Screencast iOS Categories iOS

  • Jon Friskics
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  1. Wei Fan Chen said

    really useful :)

  2. Jon Karna said


  3. Cenny Davidsson said

    very nice!

  4. thehappycoder said

    Is objective-c compiler able to detect method name collision and issue a warning?

  5. Faculty

    Jon Friskics said

    re: detecting method name collision if you implement the same method on the same class in two different category files - unfortunately there won't be any warnings generated. Here's an example:

  6. thangnq said

    thanks :)

  7. Nils Diestler said

    Thanks, this informations will be very useful

  8. Rizwan Javaid said

    Thanks for your clear explanation :)

  9. Sergio Barrera said

    Great video!

  10. Angel Camilo Aguilar Fernández said

    Excellent video! Thanks.

  11. pjones said

    More Please!

  12. Cezar said


  13. nmr5316 said

    make you make something on Protocols

  14. Daniel Blair said

    Cool, very interesting.

  15. Daniel Blair said

    Cool, very interesting.

  16. Gregory Zentkovich said

    Thanks Jon for a great video! You did a great job of explaining iOS Categories and making it easy to understand...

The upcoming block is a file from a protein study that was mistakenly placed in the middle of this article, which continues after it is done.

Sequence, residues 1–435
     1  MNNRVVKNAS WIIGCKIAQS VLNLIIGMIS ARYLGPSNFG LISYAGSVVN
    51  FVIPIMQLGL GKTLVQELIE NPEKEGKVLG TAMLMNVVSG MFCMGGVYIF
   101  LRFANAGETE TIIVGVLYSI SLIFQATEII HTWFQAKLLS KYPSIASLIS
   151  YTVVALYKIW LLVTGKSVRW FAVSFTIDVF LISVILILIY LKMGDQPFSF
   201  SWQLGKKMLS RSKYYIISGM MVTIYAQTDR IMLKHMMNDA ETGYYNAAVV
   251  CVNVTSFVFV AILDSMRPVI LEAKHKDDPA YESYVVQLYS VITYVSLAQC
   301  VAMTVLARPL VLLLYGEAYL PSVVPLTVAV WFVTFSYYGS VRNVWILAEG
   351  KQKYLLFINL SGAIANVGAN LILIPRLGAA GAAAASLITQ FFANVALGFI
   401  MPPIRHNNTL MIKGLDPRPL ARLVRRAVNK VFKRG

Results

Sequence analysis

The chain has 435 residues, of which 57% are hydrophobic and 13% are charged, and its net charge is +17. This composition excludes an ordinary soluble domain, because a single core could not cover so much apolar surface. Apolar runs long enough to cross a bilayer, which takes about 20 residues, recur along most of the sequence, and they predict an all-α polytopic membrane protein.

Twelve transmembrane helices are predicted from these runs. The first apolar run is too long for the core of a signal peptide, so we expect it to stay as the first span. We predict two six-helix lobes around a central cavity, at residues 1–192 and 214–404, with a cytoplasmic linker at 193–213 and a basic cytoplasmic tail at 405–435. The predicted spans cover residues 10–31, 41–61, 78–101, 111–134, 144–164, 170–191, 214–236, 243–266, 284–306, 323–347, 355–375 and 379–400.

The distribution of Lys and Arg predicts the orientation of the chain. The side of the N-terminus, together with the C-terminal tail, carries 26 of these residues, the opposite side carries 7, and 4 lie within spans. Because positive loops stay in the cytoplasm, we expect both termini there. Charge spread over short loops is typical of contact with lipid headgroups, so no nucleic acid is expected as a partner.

17. Artem Stepanov said

    Awesome video!

  18. Joe Kueser said

    May be a stupid question, but is there a reason these should be class methods rather than instance methods? It seems that "if ([self.emailField hasValidEmail])" would be more readable than "if([UITextField fieldContainsValidEmailAddress:self.emailField])" Is that possible with categories, or would something like that require a subclass?

  19. Faculty

    Jon Friskics said

    Joe - not a stupid question at all! You can define either class or instance methods. In this example I wanted examples of each, and since I started by talking about instance methods on NSArray, I used class methods in the UITextField examples.

  20. Stephen said

    Would categories be used more or less for 'cleaning up' your code? I feel that helper methods can be easily defined in the file of the view controller/class/etc. you're working in.

  21. foffer said

    Really good video Jon. I've been wondering for the longest time what those + signs where doing in some of the files kicking about, you explained it perfectly! Thanks - Chris

  22. danielng01 said

    So if there is name collision which method is executed?

  23. danielng01 said

    To answer my own question the result is unpredictable, but you can set OBJC_PRINT_REPLACED_METHODS to YES to get warnings from Xcode

About This Screencast

Categories are a powerful Objective-C language feature that allow you to add methods to classes without subclassing - even methods that are part of frameworks like UIKit and Foundation. In this screencast, you'll learn how to create and implement methods by adding categories to a project.

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